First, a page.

Mitch McConnell's Recent Episodes Weren't Strokes or Seizures, Capitol Doc Says
The two "freezing" episodes that Sen. Mitch McConnell experienced recently weren't strokes or seizures, the Capitol physician said in a new letter released Tuesday.
“My examination of you following your August 30, 2023, brief episode included several medical evaluations: brain MRI imaging, EEG study and consultations with several neurologists for a comprehensive neurology assessment. There is no evidence that you have a seizure disorder or that you experienced a stroke, TIA [transient ischemic attack] or movement disorder such as Parkinson's disease. There are no changes recommended in treatment protocols as you continue recovery from your March 2023 fall,” wrote Dr. Brian Monahan.
Monahan had already cleared McConnell for work after the Senate Republican Leader froze for the second time in a month during a briefing last Wednesday in Kentucky.
Monahan said in that earlier statement that he had talked with McConnell and his neurology team, and that McConnell can continue his work schedule.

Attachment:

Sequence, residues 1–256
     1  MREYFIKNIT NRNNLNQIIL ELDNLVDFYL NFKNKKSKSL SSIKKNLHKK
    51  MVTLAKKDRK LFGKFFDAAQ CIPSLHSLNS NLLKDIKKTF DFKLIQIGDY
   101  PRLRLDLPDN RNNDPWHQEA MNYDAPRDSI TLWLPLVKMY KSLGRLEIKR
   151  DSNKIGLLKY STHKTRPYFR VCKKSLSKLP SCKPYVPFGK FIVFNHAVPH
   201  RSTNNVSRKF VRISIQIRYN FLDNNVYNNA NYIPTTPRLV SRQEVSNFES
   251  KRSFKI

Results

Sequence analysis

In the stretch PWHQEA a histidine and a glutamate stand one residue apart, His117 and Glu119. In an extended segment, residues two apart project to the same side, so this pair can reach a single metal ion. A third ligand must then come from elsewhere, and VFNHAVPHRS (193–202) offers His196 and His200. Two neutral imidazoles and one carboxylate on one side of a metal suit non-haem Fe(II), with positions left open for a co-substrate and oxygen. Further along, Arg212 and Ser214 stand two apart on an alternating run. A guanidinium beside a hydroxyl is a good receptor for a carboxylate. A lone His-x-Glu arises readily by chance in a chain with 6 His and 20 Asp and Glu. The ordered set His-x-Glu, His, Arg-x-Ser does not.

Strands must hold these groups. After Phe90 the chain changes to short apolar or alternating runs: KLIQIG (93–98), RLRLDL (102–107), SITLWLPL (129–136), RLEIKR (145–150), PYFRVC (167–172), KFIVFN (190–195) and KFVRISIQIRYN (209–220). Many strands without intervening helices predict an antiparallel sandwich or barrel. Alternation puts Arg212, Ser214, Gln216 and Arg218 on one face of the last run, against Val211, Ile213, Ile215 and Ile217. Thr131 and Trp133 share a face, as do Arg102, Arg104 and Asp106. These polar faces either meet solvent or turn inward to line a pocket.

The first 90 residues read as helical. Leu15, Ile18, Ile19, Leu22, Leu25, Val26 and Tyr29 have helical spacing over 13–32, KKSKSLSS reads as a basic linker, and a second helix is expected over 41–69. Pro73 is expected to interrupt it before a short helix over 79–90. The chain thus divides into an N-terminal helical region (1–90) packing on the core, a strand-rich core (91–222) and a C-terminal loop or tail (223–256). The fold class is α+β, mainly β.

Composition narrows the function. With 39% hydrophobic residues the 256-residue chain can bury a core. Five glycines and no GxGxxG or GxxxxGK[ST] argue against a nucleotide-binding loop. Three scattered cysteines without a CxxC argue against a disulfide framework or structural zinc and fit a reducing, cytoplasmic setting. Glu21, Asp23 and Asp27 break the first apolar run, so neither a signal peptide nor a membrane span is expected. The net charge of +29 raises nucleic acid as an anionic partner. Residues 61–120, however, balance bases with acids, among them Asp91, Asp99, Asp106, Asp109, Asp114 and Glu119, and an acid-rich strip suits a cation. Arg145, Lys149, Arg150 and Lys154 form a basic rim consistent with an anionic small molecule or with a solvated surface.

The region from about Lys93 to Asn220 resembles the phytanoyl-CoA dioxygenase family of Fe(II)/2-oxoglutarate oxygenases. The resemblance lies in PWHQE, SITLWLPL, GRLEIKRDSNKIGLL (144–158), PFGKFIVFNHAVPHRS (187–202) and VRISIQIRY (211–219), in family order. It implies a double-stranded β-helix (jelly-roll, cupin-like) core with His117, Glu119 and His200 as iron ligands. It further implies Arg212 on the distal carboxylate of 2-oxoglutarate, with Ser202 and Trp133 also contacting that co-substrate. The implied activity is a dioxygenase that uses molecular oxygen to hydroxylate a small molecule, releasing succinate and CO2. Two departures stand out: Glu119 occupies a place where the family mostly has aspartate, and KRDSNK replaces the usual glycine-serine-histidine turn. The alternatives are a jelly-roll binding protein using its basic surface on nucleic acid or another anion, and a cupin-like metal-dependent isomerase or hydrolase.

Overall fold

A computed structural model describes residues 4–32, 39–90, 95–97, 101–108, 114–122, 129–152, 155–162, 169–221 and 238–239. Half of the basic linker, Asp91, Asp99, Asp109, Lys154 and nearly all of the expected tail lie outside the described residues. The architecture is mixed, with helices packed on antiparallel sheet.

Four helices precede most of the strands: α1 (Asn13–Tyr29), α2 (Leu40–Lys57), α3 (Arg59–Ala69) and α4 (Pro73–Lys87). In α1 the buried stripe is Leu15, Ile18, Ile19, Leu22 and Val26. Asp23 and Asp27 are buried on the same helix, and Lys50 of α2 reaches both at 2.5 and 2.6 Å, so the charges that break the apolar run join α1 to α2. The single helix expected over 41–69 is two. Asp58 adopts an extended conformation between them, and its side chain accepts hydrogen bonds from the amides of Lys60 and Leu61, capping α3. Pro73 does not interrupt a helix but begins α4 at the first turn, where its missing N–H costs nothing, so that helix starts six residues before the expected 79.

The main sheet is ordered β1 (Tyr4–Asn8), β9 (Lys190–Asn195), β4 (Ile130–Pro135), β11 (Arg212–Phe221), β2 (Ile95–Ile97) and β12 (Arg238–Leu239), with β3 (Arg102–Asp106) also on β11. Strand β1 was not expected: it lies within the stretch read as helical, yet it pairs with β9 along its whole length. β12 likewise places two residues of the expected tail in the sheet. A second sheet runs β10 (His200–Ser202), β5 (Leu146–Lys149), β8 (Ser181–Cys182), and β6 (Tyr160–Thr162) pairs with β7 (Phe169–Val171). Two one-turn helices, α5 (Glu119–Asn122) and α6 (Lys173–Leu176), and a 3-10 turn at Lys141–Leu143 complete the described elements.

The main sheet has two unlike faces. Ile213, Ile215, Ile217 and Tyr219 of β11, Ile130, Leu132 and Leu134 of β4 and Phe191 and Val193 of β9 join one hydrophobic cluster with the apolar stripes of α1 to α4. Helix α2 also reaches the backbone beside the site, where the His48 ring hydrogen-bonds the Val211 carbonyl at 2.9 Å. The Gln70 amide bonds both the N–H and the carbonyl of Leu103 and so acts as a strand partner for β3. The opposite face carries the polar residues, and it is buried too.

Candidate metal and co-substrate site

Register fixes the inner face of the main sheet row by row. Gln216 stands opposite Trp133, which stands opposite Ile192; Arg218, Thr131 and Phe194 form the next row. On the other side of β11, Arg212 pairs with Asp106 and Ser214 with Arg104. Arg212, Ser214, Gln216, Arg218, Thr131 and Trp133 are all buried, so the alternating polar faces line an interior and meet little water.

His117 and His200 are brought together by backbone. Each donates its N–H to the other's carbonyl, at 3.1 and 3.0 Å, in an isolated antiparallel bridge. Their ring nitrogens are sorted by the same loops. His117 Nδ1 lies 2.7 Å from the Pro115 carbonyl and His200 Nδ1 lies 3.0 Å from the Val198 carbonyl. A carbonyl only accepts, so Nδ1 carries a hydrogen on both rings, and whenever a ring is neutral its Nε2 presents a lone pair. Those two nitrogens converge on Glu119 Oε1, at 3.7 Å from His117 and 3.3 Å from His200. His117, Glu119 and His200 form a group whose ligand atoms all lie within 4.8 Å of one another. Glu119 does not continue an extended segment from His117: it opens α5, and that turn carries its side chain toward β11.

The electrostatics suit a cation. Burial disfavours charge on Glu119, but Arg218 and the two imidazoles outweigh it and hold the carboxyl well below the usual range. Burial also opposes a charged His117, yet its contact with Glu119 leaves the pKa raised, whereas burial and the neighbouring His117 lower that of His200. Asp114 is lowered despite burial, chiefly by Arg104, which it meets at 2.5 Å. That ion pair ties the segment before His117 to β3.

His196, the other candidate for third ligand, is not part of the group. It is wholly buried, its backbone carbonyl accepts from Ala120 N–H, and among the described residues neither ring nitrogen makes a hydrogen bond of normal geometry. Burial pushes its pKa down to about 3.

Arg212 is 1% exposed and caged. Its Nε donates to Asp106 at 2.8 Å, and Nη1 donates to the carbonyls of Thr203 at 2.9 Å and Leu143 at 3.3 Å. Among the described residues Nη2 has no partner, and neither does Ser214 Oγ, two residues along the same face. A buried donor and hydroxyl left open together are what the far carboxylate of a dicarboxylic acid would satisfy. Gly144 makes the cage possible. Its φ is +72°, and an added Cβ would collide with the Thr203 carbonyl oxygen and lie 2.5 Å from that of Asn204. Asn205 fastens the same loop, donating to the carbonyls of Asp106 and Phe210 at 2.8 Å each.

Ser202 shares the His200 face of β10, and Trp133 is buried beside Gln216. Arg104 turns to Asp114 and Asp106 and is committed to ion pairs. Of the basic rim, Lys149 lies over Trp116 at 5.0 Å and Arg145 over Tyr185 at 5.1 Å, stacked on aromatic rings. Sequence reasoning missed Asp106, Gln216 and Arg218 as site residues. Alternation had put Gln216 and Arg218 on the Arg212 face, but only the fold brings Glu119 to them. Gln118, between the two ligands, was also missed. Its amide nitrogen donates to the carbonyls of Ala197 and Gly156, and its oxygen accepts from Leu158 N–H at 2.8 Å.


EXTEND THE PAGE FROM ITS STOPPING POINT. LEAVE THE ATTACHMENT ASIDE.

McConnell, 81, was injured in March when he fell at a dinner event at a Washington, D.C. hotel. The senator had a concussion and a broken rib.
On two separate occasions since then, McConnell has frozen while speaking publicly, including for about 30 seconds on Wednesday, the Associated Press reported.
He was “momentarily lightheaded,” McConnell's office told the AP.
“Occasional lightheadedness is not uncommon in concussion recovery and can also be expected as a result of dehydration,” Monahan noted.
McConnell has revealed little about his health, but was known to have called his deputies in leadership after the Wednesday incident, the AP reported. His health has visibly declined in recent months.
Some Republican senators have concerns about McConnell's health and whether he will run for reelection in 2026, the AP reported. Most Republican senators have been publicly supportive of McConnell.
The U.S. Centers for Disease Control and Prevention has more on concussion.
SOURCES: Brian Monahan, MD, attending physician, U.S. Congress, statement, Aug. 31, 2023; Associated Press